Your editorial ‘A sticking plaster won’t do’ (Comment, 17 September) raises unanswered questions for engineers about their contribution to our long-term health.
In reality, neither the medical profession, medical engineering nor the pharmaceutical industry will fix the root cause of the ailments we increasingly suffer.
The root cause of obesity and modern disease is primarily our diet, not helped by our frenetic lifestyle. Neither will be cured by a pill or by engineering solutions. If everyone knew what to eat (and avoid) we could reverse our poor health, in which case many pharmaceutical and food processing companies would go bust, and we wouldn’t need so much sophisticated hi-tech medical equipment.
But unlike the tobacco industry the effects of the sectors mentioned above are not yet universally recognised. And there is reluctance to solve the problem by tackling the root cause.
And there lies the dilemma. Education that tackled the root causes of our bad health would go directly against huge world-wide financial interests.
For example, one multinational pharmaceutical manufacturer is spending unimaginable sums on governmental lobbying and a global campaign to outlaw many traditional — including ‘natural’ or ‘alternative’ — remedies whose efficacy is proven by long clinical experience, but which have not been scientifically proven by randomised, blinded trials.
Interestingly, nor have 85 per cent of our mainstream medical profession’s cures — aspirin and vaccination for instance. And whereas, according to the BMA, so-called ‘natural’ remedies cause virtually no deaths, pharmaceutical drugs that absorb a large amount of the healthcare budget cause more than 40,000 a year.
The rise of our disabling diseases and obesity can be traced to developments in the food processing, pharmaceutical and agricultural industries. Before the 1950s, obesity was negligible. But since then these industries have radically changed our diet.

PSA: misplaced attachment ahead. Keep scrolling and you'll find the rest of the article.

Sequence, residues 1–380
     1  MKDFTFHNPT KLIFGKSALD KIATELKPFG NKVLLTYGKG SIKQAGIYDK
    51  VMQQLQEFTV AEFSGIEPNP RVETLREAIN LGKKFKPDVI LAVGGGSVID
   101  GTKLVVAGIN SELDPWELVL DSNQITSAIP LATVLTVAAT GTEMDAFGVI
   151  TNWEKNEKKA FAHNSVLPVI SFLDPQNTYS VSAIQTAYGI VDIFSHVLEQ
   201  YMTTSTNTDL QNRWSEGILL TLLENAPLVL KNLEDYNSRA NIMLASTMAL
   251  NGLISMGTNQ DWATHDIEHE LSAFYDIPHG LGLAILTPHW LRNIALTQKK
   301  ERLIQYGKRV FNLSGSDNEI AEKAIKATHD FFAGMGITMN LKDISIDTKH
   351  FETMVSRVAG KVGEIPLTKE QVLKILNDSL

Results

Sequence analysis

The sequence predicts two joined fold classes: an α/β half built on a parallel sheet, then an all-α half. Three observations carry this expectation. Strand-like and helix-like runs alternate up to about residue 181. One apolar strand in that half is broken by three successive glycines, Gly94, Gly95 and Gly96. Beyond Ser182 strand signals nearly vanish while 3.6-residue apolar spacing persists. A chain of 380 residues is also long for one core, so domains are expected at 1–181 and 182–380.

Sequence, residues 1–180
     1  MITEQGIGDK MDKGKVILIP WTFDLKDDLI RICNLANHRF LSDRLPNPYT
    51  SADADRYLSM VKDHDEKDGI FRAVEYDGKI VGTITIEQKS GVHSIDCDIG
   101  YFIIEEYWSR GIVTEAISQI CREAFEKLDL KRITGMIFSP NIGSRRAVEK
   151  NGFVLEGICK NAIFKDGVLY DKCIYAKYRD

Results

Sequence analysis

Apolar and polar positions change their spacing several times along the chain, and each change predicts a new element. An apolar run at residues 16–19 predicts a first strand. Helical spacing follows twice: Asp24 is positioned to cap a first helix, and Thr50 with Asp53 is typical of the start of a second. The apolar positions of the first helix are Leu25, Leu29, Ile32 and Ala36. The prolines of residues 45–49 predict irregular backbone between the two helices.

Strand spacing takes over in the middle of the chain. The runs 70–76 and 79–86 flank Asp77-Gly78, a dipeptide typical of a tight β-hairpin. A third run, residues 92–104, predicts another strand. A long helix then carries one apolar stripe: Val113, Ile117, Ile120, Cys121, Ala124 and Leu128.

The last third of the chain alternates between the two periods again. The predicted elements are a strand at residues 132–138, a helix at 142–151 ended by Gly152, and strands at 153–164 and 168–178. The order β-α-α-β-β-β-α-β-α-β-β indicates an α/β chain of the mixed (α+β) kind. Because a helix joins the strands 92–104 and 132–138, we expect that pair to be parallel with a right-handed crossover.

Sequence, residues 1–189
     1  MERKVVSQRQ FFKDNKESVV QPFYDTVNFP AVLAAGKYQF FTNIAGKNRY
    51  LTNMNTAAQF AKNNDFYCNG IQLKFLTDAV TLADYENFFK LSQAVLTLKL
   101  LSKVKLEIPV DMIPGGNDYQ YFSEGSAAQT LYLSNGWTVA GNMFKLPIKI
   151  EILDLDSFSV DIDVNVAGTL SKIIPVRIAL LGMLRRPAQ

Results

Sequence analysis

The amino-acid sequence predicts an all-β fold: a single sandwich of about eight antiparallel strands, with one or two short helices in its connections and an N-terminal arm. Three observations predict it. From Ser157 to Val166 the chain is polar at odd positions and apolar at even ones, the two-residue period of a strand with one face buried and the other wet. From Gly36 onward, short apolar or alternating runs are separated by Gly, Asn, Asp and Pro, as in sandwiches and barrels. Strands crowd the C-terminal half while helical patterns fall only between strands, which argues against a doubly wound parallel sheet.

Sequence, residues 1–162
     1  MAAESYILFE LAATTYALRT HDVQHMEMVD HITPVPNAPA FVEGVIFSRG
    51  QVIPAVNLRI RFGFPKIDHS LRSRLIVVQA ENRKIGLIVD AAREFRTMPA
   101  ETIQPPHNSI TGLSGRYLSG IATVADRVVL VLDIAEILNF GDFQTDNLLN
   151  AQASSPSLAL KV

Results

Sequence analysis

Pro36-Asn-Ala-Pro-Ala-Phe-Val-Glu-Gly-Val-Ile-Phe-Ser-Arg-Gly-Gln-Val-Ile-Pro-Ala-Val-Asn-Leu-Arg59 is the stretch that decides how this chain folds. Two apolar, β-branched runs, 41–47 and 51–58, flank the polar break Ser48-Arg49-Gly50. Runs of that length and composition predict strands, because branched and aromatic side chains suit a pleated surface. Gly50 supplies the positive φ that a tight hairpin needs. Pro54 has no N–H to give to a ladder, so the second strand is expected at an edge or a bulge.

This is due to a relatively small number of changes.
First, our main energy reserve is stored fat, for emergencies such as running from sabre-toothed tigers. But now, consumers are attracted to more and more processed foodstuffs and drinks containing concentrated sugars and grain products.
These, and most vegetables grown below — such as potatoes — as opposed to above the ground produce large amounts of blood sugar. So we produce insulin to store this surplus as fat. But many people are now eating so much of these foods that they can never burn the fat they store, even by regular exercise.
Insulin is the root cause of the obesity epidemic. And the more we produce, the more resistant our cells become to it, leading to type 2 diabetes, where we can’t burn fat, burning our muscles instead. Excessive insulin production contributes to numerous other diseases and is a factor of great and largely unrecognised significance.
Second, our diet also has an imbalance of omega-6 to omega-3 unsaturated fats. Mainly due to processed foods, the ratio can range from 20:1 to 50:1, whereas it should be around 4:1. This imbalance contributes to arthritis, internal inflammatory diseases, heart and circulation problems. And saturated fats cause further trouble.
As well as causing insulin problems, whole grains including flour, bread, cereals and rice, contain phytates that inhibit medical absorption that we need for health, such as for maintaining bone density. Excess can also lead to long-term intestinal problems.
Another example of how we are causing problems for ourselves is in the excessive consumption of some animal proteins, which can lead to some cancers, bone decalcification …and so on.
It is curious that the more we spend on healthcare, the worse our health becomes. In other words, the spending is not tackling the problems’ root causes. So for the present, self-education is the only way to take responsibility for our own health.
Unless the industries that contribute to the root causes can be made to understand, it is our only solution. Because neither a pill nor better sticking plaster provide the answer because neither address the root cause.
Dr CB Mynott, Northampton
Your editorial ‘A sticking plaster won’t do’ raises unanswered questions for engineers about their contribution to our long-term health.